Given Pedroncelli’s nine decade history of wine growing in the Dry Creek Valley, what are you most proud of as a third generation family member running the family winery?
I am most proud of the fact that my family has worked together — we even have fourth generation members working with us — and we still enjoy each other’s company!  The statistics against even a 2nd generation family business succeeding are very small and we are now on 3rd generation ownership-speaks volumes for the first and second generations.

You have been part of Pedroncelli your entire life but part of the business side of the winery for thirty two years, how has the ‘business of wine’ evolved since you first got involved in managing the winery?
The business of wine has evolved since I first started in our tasting room and worked my way through all the different aspects of winery business. We went from a national brand to an international brand. We started so long ago with selling wine word of mouth (my grandfather’s time) today we market via social media as our word of mouth. It is a wide world of wine too — many, many more wineries make and sell wine alongside us. A very crowded market when you include all the imports. The wholesale or three tier system has shrunk too making wine portfolios huge and we sometimes feel like the little fish in a big sea.

Can you share one of your favorite Pedroncelli wine memories?
One of my favorite memories is the first time I realized wine and food pairing really meant something. It was a very simple weeknight dinner and I had made carrots as a side dish with dill and lemon zest butter sauce. Pairing them with the wine of the night (our Sauvignon Blanc) was that elusive perfect pairing-everything lined up. This was 27 years ago and launched me on the path to seeking wine-friendly recipes. A cookbook is in my future as well, combining recipes from four generations.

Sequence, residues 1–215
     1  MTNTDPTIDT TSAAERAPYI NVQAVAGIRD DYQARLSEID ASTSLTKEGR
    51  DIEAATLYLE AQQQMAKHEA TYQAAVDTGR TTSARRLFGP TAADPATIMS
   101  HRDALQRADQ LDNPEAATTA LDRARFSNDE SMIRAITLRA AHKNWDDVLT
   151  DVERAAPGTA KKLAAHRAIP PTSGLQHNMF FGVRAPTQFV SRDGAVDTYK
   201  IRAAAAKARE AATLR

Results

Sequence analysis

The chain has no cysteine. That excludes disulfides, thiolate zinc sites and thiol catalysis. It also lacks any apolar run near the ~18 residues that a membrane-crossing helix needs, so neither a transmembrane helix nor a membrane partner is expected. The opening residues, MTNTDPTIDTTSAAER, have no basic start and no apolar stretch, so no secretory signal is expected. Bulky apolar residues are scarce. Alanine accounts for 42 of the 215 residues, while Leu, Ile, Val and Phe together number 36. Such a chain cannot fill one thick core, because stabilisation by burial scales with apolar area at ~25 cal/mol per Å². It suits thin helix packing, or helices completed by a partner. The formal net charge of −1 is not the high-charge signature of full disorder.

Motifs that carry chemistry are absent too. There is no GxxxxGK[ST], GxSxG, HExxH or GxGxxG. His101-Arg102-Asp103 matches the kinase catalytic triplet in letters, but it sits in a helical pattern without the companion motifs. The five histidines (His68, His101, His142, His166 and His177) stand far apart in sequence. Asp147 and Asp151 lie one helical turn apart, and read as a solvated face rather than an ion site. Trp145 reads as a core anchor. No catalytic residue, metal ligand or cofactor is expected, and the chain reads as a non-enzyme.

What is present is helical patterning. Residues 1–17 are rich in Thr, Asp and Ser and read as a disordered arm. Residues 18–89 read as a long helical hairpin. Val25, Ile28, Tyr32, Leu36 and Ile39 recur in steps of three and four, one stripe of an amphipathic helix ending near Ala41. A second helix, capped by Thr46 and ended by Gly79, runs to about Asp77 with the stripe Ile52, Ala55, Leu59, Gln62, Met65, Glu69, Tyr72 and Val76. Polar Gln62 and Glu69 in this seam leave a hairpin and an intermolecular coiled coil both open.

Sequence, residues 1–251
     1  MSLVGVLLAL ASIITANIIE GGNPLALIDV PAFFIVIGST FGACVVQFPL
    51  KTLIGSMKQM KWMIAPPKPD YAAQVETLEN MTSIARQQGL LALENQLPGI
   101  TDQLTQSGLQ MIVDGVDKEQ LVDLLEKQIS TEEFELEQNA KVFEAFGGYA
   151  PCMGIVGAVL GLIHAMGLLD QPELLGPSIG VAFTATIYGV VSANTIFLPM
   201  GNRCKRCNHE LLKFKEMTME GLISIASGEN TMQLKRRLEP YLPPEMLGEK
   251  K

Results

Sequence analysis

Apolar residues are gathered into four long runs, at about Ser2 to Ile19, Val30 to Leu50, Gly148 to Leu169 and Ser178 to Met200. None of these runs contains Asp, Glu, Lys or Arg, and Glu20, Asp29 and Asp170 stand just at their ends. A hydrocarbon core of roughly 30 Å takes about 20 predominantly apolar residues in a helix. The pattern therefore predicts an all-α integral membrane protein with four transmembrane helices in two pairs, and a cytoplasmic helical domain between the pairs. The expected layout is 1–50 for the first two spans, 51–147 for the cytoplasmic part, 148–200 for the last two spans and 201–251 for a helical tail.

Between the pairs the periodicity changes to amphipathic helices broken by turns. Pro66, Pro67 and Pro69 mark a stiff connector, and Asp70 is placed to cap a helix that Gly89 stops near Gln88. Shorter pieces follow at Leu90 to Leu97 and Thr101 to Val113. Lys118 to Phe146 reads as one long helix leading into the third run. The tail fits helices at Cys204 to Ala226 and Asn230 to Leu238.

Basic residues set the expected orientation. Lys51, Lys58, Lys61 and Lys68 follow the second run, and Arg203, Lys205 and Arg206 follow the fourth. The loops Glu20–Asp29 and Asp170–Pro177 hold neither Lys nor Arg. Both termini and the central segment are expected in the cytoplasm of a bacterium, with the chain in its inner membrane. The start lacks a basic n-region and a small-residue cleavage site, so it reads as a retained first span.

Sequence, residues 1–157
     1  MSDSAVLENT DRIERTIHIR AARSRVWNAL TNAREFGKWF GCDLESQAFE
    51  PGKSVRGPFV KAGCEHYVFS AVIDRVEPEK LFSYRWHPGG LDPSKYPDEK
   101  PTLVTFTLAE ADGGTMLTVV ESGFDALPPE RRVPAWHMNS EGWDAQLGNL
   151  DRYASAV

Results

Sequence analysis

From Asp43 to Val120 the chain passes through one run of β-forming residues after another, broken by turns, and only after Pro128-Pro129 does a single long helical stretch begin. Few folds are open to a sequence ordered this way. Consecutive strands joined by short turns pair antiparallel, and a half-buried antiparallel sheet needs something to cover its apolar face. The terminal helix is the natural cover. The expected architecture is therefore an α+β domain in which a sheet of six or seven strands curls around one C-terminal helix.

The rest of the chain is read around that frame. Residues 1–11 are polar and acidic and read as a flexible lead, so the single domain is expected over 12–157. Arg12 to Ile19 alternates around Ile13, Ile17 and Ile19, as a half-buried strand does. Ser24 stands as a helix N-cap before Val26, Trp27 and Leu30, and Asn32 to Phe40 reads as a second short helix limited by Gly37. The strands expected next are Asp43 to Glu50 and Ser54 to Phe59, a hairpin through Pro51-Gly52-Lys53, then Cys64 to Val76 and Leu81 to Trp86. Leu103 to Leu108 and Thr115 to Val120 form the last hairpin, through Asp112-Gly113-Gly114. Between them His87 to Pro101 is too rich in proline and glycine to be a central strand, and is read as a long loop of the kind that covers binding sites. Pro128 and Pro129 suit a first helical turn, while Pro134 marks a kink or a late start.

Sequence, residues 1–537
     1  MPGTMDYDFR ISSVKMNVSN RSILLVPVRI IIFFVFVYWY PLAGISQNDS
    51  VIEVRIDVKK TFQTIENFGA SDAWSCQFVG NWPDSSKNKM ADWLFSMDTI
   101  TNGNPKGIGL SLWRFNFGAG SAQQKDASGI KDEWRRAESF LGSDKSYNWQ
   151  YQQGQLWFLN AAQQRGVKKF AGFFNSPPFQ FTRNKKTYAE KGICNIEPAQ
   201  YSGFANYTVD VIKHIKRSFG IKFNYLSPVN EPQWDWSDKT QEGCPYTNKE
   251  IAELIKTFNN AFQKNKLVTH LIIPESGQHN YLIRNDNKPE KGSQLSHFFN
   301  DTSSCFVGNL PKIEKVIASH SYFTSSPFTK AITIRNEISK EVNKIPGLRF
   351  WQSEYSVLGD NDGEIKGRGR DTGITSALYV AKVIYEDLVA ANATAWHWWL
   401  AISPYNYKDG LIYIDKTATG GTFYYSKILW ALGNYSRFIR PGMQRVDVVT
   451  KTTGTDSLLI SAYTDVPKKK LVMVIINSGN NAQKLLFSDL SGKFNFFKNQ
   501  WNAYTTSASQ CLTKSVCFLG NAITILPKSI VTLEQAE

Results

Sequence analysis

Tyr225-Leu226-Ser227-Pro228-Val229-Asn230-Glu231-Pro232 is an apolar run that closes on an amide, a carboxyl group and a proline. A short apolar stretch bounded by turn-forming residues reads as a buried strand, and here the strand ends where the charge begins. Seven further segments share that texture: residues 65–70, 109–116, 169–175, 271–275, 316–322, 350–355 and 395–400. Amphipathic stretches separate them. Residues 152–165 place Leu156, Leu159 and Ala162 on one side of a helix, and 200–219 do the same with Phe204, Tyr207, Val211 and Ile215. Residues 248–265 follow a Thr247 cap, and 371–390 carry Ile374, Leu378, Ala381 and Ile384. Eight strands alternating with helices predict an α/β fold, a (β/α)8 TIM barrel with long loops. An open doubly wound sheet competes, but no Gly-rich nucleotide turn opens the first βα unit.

There are many ways a winery can expand awareness of their brand (print ads, trade tastings/events, etc.). Why did Pedroncelli decide to leverage online wine influencers via a Twitter tasting?  What do you want to get out of the tasting experience?
We decided to work with online wine influencers because we want to ‘get the word out’ to as many people as possible and engage them in our favorite way of presenting our wine: with food! I’d like to get feedback on how our wines not only go well with food but can be savored on their own.

During the online Twitter tasting, participants will ask many questions of you and the Pedroncelli team.  What do you want to know about us, online wine influencers?
I’d like to know your background-and how wine became a passion for you-what defining moment.

Tough question, what is your favorite Pedroncelli wine and why?
You know my palate changes frequently and I have many choices and is seasonal. Right now  I have a particular favorite -our Mother Clone Zinfandel. There is something about it as the bottle age refines it a bit more than when first released-the fruit-spice dynamic is perfect for my palate at the moment.

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  • Photo of Julie Pedroncelli St. John photo credit: http://www.pedroncelli.com/about/our-team/